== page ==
3 First Job Ideas for Teens
Finding a First Job for Families with Children
If you have children that are ready to enter the workforce, these are very exciting times. Thanks to a good economy and the rise of social media, kids today have access to more job opportunities than ever before. Even so, getting started can seem overwhelming. Teaching kids about the value of work is an important step for families who are struggling with debt.
Where to Start Looking
Before we get into specific job ideas, let’s talk about some of the different routes your child can take when they first begin looking for employment. In days gone by this would be easiest accomplished by grabbing the morning paper and sifting through the classifieds. But this is not the case in today’s world. Less homes than ever get a daily newspaper and many teens have never even seen a classifieds section.
One area kids excel is staying up to date with the latest technology and media sites. This offers many advantages when searching for a job. There are apps and websites that focus on jobs for teens. You can also search general job sites for entry-level positions.
Learning the value of networking can make all the difference in the job market. Fortunately most kids have the largest network of all. They interact with hundreds of different people daily through school and extracurricular activities. Asking other kids who are already working is a great way to find a first job. Kids also have access to guidance counselors, coaches, and other parents. Asking as many people as possible is the best way to get hired.
Odd Jobs Are Everywhere
Another option for kids is to take on an informal job, like cutting grass or walking dogs for people who are out of town. Asking friends and neighbors is a great way to stay up to date on jobs like this as they become available. People are always looking for babysitters or someone to tackle simple tasks they don’t have time to get to themselves.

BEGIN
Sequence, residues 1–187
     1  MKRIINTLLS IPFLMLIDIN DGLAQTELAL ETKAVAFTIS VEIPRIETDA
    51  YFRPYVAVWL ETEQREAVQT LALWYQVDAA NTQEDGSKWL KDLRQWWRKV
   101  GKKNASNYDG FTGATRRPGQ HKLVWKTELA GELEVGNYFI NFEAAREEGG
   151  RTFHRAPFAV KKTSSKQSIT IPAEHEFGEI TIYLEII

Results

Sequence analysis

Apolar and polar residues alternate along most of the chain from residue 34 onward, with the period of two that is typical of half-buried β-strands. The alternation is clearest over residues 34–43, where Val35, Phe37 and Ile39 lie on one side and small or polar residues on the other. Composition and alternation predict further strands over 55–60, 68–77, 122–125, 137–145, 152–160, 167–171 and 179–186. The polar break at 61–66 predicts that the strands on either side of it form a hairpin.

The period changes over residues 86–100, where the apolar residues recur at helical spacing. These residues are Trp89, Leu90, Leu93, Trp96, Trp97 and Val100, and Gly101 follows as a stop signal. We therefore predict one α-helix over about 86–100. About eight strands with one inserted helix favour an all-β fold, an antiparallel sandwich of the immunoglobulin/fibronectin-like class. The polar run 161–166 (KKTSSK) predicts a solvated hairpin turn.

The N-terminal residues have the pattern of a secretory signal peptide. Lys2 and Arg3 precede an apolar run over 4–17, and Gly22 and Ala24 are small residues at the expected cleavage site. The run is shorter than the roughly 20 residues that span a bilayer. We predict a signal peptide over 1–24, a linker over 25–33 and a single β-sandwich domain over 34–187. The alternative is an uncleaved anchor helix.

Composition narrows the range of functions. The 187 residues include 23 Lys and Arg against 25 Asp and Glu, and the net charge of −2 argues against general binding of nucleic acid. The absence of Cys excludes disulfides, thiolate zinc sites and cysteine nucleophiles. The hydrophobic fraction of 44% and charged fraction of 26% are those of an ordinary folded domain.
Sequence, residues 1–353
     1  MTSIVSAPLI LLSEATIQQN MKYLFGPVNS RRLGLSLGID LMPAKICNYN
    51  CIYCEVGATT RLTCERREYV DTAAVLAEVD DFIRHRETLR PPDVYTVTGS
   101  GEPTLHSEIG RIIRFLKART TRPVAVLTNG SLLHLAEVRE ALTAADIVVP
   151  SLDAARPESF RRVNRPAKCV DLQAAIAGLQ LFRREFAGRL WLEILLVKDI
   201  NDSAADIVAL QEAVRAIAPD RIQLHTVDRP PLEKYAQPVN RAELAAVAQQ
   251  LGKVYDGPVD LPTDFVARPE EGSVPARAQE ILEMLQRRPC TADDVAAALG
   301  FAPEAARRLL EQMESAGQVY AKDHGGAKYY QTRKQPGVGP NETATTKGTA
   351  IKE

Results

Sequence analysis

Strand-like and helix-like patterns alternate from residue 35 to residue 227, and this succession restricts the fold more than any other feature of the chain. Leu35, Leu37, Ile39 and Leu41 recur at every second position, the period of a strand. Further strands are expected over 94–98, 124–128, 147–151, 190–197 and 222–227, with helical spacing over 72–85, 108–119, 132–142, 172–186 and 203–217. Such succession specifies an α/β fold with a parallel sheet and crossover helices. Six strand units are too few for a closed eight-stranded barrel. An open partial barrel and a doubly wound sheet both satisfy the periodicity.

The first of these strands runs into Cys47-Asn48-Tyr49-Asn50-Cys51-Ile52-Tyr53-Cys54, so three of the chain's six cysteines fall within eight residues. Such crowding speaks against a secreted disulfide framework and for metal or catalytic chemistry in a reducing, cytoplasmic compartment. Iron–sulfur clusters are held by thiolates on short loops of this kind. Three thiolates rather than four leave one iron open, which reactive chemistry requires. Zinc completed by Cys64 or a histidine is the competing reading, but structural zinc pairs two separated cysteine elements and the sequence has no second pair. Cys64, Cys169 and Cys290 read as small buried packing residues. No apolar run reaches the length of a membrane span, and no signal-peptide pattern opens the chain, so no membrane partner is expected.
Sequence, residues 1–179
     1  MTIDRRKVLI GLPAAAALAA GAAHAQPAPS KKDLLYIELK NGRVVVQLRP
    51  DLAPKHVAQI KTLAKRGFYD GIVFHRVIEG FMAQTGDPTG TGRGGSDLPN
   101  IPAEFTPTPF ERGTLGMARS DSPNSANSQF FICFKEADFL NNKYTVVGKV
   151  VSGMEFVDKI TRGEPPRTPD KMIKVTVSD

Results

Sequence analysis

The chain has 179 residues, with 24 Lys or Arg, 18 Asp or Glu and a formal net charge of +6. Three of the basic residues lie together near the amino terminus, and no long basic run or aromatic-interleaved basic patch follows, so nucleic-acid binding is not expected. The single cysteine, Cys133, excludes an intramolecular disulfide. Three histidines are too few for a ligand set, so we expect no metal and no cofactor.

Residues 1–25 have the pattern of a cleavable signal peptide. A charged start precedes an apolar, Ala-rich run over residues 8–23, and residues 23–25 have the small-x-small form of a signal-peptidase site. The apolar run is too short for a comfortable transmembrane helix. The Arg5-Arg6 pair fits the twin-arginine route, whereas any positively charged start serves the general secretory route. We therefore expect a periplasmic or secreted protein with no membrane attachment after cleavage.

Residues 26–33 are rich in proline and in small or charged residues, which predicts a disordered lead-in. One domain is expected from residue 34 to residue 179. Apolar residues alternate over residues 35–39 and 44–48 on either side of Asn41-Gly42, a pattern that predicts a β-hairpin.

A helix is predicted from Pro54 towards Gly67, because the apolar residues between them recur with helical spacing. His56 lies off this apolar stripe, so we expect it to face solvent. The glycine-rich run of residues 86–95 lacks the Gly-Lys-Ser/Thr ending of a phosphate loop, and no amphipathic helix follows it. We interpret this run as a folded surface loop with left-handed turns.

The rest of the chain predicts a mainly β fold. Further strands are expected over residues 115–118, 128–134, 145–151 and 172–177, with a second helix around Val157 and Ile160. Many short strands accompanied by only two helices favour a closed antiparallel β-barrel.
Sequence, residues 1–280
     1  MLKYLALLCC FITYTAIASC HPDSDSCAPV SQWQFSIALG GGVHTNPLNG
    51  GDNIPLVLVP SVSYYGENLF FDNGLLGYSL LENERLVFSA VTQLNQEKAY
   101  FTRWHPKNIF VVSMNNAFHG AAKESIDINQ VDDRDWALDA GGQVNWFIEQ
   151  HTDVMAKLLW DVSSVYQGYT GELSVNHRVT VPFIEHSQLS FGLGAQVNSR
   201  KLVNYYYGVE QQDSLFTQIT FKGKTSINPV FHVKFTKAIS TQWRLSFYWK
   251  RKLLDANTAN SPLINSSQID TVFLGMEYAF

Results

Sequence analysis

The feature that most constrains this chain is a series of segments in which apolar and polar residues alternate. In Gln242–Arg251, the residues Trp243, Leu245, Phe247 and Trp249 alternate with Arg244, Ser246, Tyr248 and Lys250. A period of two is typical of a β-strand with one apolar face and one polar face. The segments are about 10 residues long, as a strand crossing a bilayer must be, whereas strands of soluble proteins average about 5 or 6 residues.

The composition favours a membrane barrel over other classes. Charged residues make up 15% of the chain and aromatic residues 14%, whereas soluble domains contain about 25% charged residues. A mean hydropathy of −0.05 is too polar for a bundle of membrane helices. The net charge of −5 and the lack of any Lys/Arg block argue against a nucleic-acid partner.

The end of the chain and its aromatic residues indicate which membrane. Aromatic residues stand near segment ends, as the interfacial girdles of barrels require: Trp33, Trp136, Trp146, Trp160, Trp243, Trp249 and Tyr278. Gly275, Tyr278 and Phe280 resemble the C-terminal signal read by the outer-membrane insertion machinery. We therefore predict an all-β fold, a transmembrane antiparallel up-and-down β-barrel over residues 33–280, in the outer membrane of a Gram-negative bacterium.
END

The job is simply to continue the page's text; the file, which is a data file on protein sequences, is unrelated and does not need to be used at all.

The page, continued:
The upside of working this way is being able to make your own schedule and work when you are able. It can also be a good way to learn about price negotiation. One obvious drawback is that there may not always be work available. This becomes less of a problem once you land a few jobs. People like to stick with someone who is familiar and does good work.
Jobs for Youth
Now that your kid has an idea of how to approach looking for a job, let’s look at a few examples of entry-level positions. Many of these were designed with kids in mind, and require no experience.
Grocery Store Bagger
A bagger at a grocery store can be a great first job, and can often lead to promotions and other types of job experience. Most neighborhoods have a couple of grocery store options. You should apply at more than one to increase your chances of getting hired.
Restaurants are another great place to look for beginning employment. The turnover rate is high, and the jobs don’t usually require experience. This is a good choice for kids who might like to move up to cooking or management.
Ball parks and movie theaters are also good places to look for youth employment. They need ticket takers and people to work the concession stand. Another advantage is these places do most of their business when kids are out of school.
These are just a few of the jobs that can be easy to land for a kid with no experience. Even if the first job you find isn’t exactly what you’re looking for, every job you take will offer the most valuable thing of all: experience in the workforce!
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